We’ve discussed before whether or not your house is an asset or a liability, but now we are looking at whether your car is an asset. Your car is on your net worth statement, right? So it must be an asset. But just like with a house, it depends on what your definition of an asset is. Your car is typically a large purchase. It can cost thousands, and sometimes tens of thousands of dollars. It’s typically considered an asset because you can sell it without losing money.
Image via Tax Credits on Flickr
A Car is Considered an Asset to Most People
Because you can sell your car for a decent amount, it’s usually considered an asset. Banks will consider your car an asset when they are assessing whether or not they will give you a car loan. This is why your application will ask whether you have a car, and how much your car is worth.
Not everything that you can sell is an asset, however.
The General Definition of an Asset
As we’ve discussed before in looking at whether or not your home is an asset, the definition of an asset is something that has value, that aids the owner of the asset in making money. We’re not looking at whether or not the thing is an expense. A car is an expense, but many assets also come with expenses.
“A resource with economic value that an individual, corporation or country owns or controls with the expectation that it will provide future benefit.”
“Assets are bought to increase the value of a firm or benefit the firm’s operations. You can think of an asset as something that can generate cash flow, regardless of whether it’s a company’s manufacturing equipment or an individual’s rental apartment.”
The defining difference between something that is an asset, rather than a liability, then, is whether or not it will provide benefit, and whether or not that particular thing increases the person (firm’s) value and generates cash.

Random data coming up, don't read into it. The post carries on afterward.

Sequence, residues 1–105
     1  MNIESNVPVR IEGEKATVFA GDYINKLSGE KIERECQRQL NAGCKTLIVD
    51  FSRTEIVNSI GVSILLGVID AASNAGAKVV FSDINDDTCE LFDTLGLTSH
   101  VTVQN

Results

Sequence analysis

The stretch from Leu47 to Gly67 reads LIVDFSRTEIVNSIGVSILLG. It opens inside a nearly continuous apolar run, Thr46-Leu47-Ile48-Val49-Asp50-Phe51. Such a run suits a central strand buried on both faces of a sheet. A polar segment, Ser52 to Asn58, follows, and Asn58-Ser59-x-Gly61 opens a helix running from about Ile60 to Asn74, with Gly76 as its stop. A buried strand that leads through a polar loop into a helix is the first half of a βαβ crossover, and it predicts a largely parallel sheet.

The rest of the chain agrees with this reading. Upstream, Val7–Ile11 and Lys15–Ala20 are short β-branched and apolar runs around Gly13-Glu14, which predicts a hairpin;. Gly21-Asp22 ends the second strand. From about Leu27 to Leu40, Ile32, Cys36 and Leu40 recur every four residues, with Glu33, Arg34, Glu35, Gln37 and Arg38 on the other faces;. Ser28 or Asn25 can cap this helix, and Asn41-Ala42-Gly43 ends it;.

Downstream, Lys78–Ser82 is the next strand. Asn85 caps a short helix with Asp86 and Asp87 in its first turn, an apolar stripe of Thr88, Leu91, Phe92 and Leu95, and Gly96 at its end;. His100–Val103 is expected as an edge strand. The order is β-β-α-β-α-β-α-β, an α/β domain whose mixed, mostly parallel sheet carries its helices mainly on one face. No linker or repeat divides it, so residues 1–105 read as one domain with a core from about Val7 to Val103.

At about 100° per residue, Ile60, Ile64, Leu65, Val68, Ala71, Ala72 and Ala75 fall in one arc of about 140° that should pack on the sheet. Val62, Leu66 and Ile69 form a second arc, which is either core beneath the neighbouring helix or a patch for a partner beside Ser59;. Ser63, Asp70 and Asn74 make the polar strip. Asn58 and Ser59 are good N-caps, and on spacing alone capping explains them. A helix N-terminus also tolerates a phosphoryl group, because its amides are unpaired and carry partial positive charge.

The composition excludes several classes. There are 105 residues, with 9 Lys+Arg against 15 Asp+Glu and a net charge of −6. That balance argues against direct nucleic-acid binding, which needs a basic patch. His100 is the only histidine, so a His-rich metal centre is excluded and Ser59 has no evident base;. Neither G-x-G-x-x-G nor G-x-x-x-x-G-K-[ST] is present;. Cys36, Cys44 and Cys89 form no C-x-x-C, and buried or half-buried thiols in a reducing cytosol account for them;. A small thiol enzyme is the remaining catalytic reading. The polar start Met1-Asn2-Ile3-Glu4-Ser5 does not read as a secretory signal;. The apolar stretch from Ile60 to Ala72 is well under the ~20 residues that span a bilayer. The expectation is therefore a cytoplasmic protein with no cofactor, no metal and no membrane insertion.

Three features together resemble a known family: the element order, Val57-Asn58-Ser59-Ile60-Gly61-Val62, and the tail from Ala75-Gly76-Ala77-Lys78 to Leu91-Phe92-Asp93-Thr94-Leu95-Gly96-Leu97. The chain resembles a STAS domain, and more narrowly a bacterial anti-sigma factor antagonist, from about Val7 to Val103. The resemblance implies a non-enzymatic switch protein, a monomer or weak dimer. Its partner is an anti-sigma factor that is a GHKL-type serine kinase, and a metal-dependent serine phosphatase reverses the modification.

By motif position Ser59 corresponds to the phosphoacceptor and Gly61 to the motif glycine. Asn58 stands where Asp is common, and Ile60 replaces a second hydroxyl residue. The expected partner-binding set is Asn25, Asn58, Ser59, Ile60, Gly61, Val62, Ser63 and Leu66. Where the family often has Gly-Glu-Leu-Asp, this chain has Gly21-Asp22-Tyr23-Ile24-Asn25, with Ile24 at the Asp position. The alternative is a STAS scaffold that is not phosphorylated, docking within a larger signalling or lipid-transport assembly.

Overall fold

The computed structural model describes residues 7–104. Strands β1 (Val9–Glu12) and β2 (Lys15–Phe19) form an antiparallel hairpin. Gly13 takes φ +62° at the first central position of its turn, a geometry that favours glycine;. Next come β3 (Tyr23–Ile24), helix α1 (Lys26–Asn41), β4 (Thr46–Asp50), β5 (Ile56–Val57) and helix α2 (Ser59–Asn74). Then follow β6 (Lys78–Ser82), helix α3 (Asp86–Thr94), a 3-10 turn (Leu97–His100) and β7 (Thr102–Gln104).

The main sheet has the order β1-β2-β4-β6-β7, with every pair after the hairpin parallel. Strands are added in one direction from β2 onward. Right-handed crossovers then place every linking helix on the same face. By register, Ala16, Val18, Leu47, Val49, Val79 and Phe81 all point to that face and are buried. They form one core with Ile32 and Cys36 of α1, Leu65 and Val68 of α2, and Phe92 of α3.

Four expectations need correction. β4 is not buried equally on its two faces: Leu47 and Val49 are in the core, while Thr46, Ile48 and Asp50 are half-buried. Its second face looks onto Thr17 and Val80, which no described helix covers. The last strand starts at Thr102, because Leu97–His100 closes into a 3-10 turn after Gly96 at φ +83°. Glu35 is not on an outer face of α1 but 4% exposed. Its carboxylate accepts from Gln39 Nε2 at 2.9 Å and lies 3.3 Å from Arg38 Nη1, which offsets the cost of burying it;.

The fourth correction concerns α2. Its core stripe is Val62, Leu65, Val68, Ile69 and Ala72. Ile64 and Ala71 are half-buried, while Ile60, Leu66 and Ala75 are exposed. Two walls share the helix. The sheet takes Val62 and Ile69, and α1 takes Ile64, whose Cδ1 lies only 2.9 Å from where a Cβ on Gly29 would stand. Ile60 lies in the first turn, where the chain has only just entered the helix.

With that in mind..
Is Your Car an Asset, or is it Considered a Liability?
It sounds like your car isn’t an asset. By definition, your home isn’t an asset (not your primary living space) because you live in it. It doesn’t make you money, and it doesn’t add value to you (you need somewhere to live whether or not you are renting or you own).
Does your car make you money? Well, it gets you to and from work. That helps you make money. But you could use public transportation for the same purpose.
Unless you are a pizza delivery driver, taxi driver, driving school instructor, or any other profession that is based in a vehicle, a vehicle is not usually tied directly to your ability to make money. Even if you are one of these things, your primary car is likely not an asset; you usually would use a different vehicle for work purposes.
Sure, your car adds value; it saves you time, lets you drop your kids off at school and to different sports, provides you with a sense of safety. However, with insurance, fuel, maintenance, mileage, and all of the other costs that are accompanied with car ownership, the costs almost always outweigh the monetary value of a car.
Many consider a car a depreciating asset, because this is how it shows on company balance sheets. For companies, however, vehicles can be an asset (however depreciating they may be). For individuals, they can be more of a liability than an asset.
Incidentally, if you are interested in learning the basics about how to accumulate assets, I recommend that you pick up a copy of Robert Kiyosaki’s Rich Dad Poor Dad. The book has sold millions of copies, so it is insanely popular.
Do you consider your car an asset, or a liability? Do you include your car in your net worth calculation?